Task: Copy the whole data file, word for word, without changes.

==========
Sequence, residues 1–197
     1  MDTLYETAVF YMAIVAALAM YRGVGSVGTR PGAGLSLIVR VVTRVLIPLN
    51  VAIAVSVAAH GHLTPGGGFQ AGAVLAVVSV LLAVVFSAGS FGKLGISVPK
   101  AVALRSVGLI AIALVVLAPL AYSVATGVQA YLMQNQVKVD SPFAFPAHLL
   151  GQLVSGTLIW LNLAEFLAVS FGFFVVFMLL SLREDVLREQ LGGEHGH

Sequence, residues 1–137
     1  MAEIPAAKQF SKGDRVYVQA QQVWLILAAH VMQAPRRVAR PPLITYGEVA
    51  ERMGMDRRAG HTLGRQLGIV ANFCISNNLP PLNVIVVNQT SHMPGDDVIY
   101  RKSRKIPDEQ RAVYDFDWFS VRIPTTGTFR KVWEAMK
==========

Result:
Sequence, residues 1–197
     1  MDTLYETAVF YMAIVAALAM YRGVGSVGTR PGAGLSLIVR VVTRVLIPLN
    51  VAIAVSVAAH GHLTPGGGFQ AGAVLAVVSV LLAVVFSAGS FGKLGISVPK
   101  AVALRSVGLI AIALVVLAPL AYSVATGVQA YLMQNQVKVD SPFAFPAHLL
   151  GQLVSGTLIW LNLAEFLAVS FGFFVVFMLL SLREDVLREQ LGGEHGH

Sequence, residues 1–137
     1  MAEIPAAKQF SKGDRVYVQA QQVWLILAAH VMQAPRRVAR PPLITYGEVA
    51  ERMGMDRRAG HTLGRQLGIV ANFCISNNLP PLNVIVVNQT SHMPGDDVIY
   101  RKSRKIPDEQ RAVYDFDWFS VRIPTTGTFR KVWEAMK